3constitutionally prescribed mathematical formula because certain present-day counties did notexist in 1894. For example, in 1894 the territory now organized as Nassau County was part of Queens. Thus, in order to compare present-day apples to 1894 apples with respect toQueens/Nassau as Section 4 requires, one must combine present-day Queens and Nassau andtreat them as a unit, and one must compare that combined present-day unit to Queens as itexisted in 1894.5.
There are two ways in which the total current number of “full ratios” for Nassauand Queens collectively might be calculated, the key difference being when in the process onerounds down the fractional remainders: (a) one could first combine the current populations of Queens and Nassau, then divide the combined population by the “ratio” number, and then roundthe combined number of “ratios” down to the nearest-lower whole number (the “Combine BeforeRounding Down Method” or “Method A”); or (b) one could first identify the individual number of “full ratios” for each county by dividing the individual populations of each by the “ratio”number, round the number of “ratios” in each individual county down to the nearest-lower wholenumber, and then add together the two rounded-down counts of “full ratios” (the “Round DownBefore Combining Method” or “Method B”).6.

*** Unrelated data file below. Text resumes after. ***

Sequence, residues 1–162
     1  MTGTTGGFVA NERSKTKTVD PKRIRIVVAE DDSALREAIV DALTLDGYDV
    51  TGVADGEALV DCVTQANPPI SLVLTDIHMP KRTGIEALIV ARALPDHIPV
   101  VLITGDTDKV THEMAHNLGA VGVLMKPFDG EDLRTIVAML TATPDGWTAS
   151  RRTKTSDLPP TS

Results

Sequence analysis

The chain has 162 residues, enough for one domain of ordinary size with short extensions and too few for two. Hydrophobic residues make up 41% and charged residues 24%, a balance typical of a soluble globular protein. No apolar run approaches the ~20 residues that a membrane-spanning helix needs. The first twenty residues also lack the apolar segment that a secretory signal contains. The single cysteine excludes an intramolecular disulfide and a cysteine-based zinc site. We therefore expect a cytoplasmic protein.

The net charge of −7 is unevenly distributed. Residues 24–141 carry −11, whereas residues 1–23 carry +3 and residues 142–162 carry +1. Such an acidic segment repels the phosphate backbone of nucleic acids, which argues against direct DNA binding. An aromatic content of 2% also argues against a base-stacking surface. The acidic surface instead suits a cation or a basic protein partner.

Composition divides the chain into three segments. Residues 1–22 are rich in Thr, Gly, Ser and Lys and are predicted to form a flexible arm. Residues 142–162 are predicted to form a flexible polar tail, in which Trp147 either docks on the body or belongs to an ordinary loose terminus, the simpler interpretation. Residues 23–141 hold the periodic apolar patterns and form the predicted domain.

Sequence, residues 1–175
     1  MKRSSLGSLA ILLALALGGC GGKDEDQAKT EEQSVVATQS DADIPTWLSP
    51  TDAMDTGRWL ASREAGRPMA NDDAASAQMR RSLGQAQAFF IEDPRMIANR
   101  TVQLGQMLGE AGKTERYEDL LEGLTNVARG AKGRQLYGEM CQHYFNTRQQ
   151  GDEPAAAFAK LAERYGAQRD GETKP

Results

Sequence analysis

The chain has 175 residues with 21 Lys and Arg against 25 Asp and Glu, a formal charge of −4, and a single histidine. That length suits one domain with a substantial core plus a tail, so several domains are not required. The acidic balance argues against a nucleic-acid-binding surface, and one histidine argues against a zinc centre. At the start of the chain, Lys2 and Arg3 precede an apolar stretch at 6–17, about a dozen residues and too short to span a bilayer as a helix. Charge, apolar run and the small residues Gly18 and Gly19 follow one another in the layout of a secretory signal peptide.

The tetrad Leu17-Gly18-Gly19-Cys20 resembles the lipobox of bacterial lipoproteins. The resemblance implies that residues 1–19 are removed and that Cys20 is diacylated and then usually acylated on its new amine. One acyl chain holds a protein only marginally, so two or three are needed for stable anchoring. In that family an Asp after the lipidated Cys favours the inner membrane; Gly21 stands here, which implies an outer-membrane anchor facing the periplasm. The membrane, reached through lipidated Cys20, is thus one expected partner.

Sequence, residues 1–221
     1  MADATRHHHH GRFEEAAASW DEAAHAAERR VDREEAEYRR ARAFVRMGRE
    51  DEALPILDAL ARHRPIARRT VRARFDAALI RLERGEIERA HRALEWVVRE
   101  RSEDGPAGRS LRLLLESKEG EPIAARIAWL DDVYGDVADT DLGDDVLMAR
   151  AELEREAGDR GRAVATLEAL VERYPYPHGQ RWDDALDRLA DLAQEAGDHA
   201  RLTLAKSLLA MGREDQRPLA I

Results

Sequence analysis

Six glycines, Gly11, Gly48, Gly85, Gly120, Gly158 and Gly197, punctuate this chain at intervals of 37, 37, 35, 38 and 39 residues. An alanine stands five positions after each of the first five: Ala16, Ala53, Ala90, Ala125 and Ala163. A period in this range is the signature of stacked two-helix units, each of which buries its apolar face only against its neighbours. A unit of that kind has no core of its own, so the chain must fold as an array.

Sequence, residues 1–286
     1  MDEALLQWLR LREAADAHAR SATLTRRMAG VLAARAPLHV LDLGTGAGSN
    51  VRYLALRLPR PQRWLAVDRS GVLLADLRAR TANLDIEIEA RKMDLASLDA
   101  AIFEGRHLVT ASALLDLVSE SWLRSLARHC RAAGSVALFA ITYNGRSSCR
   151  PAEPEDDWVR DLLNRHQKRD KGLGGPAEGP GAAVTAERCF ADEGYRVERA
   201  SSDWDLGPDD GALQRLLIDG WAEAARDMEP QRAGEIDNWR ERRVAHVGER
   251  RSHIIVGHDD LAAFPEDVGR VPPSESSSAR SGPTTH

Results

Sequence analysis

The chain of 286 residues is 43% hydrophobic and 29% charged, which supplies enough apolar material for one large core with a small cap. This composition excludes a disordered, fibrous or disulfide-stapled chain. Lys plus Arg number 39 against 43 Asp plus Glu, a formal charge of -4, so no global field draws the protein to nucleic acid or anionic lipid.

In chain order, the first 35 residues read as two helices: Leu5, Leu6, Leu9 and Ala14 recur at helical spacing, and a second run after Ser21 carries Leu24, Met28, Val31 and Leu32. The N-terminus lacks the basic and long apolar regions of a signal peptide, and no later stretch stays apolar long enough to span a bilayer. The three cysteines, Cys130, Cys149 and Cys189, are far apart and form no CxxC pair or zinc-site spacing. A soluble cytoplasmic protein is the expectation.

Sometimes these two methods lead to the same result, but sometimes they do not.For example, the 2010 Census revealed that Queens has a population of 2,230,722 and that Nassau has a population of 1,339,532. The “ratio” this year is 387,562 (the total New York population of 19,378,102 divided by 50). If one uses Method A, then the populations of Queensand Nassau are first combined, that total number (3,570,254) is then divided by the “ratio” of 387,562, and the resulting quotient of 9.21 is then rounded down to 9 “full ratios.” But if oneuses Method B, the Round Down Before Combining Method, then each county’s population is